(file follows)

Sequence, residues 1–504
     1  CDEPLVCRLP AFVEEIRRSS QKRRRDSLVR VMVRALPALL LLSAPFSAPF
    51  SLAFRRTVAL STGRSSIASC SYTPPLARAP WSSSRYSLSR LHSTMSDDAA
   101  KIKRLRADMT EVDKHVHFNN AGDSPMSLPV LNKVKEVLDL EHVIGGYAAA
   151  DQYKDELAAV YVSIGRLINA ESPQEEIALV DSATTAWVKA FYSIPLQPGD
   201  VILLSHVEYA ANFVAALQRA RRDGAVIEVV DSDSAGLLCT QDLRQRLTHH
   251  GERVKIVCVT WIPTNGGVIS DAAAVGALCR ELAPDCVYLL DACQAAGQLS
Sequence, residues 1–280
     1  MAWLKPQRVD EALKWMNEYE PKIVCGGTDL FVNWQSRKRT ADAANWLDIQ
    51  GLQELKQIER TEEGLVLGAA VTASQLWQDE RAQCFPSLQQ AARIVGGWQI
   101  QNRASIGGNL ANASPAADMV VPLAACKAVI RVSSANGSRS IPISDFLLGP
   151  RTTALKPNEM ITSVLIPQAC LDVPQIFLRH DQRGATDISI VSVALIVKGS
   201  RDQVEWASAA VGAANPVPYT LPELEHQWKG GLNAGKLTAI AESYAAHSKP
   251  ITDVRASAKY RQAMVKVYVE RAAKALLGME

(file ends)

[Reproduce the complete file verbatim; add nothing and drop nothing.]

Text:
Sequence, residues 1–504
     1  CDEPLVCRLP AFVEEIRRSS QKRRRDSLVR VMVRALPALL LLSAPFSAPF
    51  SLAFRRTVAL STGRSSIASC SYTPPLARAP WSSSRYSLSR LHSTMSDDAA
   101  KIKRLRADMT EVDKHVHFNN AGDSPMSLPV LNKVKEVLDL EHVIGGYAAA
   151  DQYKDELAAV YVSIGRLINA ESPQEEIALV DSATTAWVKA FYSIPLQPGD
   201  VILLSHVEYA ANFVAALQRA RRDGAVIEVV DSDSAGLLCT QDLRQRLTHH
   251  GERVKIVCVT WIPTNGGVIS DAAAVGALCR ELAPDCVYLL DACQAAGQLS
Sequence, residues 1–280
     1  MAWLKPQRVD EALKWMNEYE PKIVCGGTDL FVNWQSRKRT ADAANWLDIQ
    51  GLQELKQIER TEEGLVLGAA VTASQLWQDE RAQCFPSLQQ AARIVGGWQI
   101  QNRASIGGNL ANASPAADMV VPLAACKAVI RVSSANGSRS IPISDFLLGP
   151  RTTALKPNEM ITSVLIPQAC LDVPQIFLRH DQRGATDISI VSVALIVKGS
   201  RDQVEWASAA VGAANPVPYT LPELEHQWKG GLNAGKLTAI AESYAAHSKP
   251  ITDVRASAKY RQAMVKVYVE RAAKALLGME